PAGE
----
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Let $U = [1..n]$ be the universe of $n$ elements and $C$ be a collection of subsets of $U$, $C= S_1, \dots, S_m$, where $S_i \subset U$. Then the problem is to find as many partitions of $C$, such that each partition covers the universe U. The hardness results can be derived for this problem, but are there any approximation algorithms known for this ? I gather that the geometric version of this problem has some approximation algorithms, but is there any thing known in the general case ?

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Yes, this is closely related to the Domatic Partition problem. See the paper below. http://epubs.siam.org/doi/abs/10.1137/S0097539700380754

One can get the following results. Given a set cover instance let $k$ be the minimum over all elements in $U$, the number of sets that contain that element. Then it is clear that we can have at most $k$ disjoint set covers. The paper above shows that there always exist $\max\{1, k/(c \log n)\}$ disjoint set covers where $c$ is a sufficiently large constant. This immediately gives an $O(\log n)$-approximation. Moreover, it is hard to approximate to within this factor (modulo constants). And there are examples where the number of disjoint set covers is $O(k/\log n)$.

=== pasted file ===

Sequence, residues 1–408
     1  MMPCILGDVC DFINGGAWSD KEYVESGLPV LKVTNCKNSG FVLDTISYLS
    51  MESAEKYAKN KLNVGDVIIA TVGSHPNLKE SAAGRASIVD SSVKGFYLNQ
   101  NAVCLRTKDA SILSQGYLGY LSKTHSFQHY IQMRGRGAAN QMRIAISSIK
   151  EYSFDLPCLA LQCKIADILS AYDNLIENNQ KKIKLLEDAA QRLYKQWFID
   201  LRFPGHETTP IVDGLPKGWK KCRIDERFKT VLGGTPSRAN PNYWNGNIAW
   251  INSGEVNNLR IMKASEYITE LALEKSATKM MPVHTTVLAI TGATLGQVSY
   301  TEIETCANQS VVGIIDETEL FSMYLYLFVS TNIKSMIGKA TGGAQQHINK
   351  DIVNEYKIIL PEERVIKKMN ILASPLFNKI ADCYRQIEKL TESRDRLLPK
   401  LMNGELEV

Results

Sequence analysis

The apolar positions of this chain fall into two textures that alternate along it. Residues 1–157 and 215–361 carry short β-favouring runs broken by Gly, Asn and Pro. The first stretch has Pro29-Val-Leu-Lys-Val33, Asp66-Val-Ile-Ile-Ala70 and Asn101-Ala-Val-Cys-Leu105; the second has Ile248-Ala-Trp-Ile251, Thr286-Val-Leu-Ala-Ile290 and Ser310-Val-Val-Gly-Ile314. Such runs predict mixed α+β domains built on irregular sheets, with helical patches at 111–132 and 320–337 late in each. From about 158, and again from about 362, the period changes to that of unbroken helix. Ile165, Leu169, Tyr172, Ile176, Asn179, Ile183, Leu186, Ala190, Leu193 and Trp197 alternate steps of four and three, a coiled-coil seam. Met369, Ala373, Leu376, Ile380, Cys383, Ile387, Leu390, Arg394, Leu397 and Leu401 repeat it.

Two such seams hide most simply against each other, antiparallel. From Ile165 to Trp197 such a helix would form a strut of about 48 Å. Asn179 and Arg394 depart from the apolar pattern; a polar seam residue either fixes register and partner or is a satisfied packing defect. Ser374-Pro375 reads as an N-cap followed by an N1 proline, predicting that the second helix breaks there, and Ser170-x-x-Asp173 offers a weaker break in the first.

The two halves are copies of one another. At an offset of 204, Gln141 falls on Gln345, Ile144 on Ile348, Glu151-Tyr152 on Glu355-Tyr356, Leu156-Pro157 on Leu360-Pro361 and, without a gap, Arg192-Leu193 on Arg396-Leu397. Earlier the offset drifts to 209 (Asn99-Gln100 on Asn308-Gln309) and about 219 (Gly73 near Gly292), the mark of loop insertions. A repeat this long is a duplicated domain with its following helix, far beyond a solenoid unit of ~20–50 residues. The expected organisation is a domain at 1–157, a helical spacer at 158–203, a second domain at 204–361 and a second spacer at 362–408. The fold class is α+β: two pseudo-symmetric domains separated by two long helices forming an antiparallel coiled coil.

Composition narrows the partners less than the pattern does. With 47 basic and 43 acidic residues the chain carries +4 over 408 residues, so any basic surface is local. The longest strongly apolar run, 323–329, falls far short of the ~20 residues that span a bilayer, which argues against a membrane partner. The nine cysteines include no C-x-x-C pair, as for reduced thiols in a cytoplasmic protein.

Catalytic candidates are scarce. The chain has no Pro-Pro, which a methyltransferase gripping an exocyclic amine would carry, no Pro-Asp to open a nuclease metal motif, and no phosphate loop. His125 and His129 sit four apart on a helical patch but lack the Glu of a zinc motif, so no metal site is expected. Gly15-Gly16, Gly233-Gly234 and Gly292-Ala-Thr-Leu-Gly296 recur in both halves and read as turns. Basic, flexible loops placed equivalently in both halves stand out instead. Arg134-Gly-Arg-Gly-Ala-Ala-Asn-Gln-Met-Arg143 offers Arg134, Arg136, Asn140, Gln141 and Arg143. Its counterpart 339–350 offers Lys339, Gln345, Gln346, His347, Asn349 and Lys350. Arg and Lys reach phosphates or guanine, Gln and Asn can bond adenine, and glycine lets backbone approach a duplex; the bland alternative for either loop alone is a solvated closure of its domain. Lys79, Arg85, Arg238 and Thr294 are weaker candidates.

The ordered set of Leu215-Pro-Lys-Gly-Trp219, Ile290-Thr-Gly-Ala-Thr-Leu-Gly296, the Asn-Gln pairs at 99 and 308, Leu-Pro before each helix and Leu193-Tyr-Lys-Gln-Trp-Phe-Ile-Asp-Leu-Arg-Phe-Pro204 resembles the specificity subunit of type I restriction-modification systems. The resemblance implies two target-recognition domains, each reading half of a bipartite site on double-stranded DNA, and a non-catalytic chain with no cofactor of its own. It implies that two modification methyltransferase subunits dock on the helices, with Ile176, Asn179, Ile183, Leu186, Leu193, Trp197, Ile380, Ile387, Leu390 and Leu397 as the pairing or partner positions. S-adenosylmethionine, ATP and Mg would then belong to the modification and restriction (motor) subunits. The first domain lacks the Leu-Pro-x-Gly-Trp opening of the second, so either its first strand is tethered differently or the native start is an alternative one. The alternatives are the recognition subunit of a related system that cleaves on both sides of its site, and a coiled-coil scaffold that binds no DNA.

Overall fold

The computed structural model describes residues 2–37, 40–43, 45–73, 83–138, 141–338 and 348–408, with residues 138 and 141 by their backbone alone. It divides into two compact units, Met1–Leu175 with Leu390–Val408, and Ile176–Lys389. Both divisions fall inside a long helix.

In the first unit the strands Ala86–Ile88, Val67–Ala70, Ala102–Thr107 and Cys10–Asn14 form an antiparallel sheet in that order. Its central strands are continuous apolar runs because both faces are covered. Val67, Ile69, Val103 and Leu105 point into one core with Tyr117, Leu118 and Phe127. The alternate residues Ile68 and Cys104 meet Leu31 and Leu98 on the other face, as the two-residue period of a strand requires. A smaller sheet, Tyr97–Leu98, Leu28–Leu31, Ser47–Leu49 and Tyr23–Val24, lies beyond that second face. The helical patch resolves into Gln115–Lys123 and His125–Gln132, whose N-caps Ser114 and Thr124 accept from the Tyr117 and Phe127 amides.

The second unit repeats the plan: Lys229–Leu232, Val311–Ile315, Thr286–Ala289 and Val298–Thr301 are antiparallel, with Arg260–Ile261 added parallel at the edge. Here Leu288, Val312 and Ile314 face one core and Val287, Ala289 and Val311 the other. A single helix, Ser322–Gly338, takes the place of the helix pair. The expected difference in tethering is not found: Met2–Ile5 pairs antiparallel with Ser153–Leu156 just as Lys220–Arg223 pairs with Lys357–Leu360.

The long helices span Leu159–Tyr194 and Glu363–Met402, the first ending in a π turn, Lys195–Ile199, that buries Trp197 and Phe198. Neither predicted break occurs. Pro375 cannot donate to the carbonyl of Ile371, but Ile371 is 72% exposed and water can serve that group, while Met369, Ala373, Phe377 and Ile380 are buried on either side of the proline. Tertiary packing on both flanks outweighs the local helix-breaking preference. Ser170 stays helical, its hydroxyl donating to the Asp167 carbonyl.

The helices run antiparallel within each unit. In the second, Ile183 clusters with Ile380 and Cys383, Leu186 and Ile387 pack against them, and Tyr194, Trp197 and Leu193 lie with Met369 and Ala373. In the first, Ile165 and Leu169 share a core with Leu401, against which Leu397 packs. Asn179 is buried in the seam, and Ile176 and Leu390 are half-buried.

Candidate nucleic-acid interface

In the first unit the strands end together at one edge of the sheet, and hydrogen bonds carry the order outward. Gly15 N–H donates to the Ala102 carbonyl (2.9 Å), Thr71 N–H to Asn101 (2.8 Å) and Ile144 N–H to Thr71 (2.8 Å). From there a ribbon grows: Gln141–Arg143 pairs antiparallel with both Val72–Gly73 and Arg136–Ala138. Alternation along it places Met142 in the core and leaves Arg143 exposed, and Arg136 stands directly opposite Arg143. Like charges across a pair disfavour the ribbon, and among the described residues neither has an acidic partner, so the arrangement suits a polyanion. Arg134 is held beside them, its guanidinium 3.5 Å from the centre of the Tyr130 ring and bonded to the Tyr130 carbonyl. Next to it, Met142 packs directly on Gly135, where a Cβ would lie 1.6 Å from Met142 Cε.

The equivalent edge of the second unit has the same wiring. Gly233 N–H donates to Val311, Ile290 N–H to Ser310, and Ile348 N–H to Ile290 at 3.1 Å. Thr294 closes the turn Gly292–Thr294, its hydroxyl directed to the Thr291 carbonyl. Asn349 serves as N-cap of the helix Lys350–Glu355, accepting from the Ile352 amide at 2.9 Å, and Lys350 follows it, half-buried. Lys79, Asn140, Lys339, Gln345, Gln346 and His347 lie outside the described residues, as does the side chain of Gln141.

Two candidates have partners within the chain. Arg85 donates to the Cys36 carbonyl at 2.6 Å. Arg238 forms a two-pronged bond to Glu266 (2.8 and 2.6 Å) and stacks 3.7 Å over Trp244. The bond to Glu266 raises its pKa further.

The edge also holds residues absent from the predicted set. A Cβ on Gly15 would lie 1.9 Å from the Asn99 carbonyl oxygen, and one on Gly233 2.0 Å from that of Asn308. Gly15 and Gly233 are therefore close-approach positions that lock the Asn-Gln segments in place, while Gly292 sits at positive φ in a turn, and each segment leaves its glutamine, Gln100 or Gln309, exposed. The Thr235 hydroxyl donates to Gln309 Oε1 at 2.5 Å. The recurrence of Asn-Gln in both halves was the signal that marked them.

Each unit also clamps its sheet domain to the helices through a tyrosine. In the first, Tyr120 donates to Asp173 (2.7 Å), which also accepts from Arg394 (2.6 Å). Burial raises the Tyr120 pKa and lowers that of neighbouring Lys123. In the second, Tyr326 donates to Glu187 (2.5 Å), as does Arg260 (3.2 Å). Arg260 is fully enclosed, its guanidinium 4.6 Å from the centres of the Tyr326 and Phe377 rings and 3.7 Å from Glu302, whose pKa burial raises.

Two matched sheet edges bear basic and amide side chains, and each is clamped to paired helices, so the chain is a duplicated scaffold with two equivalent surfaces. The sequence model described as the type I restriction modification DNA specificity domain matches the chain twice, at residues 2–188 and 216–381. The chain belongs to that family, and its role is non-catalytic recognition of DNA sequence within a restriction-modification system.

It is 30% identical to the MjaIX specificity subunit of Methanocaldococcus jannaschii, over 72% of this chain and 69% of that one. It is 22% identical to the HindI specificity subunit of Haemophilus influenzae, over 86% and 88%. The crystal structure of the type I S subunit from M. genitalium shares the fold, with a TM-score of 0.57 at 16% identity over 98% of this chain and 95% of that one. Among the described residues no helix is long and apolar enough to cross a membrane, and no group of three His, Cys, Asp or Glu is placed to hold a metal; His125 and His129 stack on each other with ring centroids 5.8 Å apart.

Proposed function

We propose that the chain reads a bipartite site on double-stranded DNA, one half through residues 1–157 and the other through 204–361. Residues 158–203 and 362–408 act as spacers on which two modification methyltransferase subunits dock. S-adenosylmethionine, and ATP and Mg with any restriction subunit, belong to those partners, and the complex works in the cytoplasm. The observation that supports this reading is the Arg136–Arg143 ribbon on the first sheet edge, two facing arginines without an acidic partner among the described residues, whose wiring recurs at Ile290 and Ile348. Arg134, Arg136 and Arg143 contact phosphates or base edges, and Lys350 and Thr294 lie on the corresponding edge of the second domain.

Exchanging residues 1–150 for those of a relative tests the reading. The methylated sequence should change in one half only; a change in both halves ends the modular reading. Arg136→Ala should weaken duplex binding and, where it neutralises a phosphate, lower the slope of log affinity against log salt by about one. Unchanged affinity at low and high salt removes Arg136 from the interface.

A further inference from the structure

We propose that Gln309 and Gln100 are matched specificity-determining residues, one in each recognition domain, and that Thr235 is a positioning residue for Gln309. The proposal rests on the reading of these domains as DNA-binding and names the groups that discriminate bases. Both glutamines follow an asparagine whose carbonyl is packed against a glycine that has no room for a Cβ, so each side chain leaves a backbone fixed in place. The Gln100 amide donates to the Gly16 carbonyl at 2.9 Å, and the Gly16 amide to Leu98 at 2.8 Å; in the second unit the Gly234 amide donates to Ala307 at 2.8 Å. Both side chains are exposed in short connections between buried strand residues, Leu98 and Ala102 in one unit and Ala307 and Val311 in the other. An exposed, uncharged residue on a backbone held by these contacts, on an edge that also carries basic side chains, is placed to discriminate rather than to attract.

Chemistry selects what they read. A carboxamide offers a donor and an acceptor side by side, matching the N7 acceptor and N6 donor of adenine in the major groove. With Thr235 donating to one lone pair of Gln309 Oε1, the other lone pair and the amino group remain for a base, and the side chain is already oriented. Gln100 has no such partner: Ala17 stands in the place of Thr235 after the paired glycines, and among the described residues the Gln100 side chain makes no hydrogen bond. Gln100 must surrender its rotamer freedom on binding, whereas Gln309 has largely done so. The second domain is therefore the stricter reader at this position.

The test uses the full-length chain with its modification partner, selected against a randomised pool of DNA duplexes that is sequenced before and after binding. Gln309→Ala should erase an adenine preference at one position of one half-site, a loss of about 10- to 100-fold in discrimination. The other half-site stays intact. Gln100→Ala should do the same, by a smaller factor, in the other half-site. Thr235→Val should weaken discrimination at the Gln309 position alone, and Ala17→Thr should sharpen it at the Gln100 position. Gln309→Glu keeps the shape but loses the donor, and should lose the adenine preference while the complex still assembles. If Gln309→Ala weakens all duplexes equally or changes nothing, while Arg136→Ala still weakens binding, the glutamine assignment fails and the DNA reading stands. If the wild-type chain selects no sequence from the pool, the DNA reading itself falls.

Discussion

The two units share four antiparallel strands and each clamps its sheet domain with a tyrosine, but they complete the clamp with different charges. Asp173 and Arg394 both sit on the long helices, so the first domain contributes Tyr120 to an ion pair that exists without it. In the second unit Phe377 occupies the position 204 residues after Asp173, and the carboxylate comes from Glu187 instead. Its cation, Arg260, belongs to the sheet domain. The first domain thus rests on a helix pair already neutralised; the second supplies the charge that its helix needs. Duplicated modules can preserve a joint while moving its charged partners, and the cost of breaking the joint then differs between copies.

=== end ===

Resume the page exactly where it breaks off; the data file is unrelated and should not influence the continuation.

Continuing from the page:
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  • $\begingroup$ You mean mapping the collection C to a hypergraph with vertices as universe elements, and then following the Domatic Partition problem. But as far as I understand the above paper works for graphs and not hypergraphs. $\endgroup$ – user16200 May 29 '13 at 11:17
  • $\begingroup$ You have look in the paper and see the randomized algorithm that gives the result for domatic paper and adapt it for disjoint set covers. It is straight forward. There could be a direct reduction as well. $\endgroup$ – Chandra Chekuri May 30 '13 at 17:18

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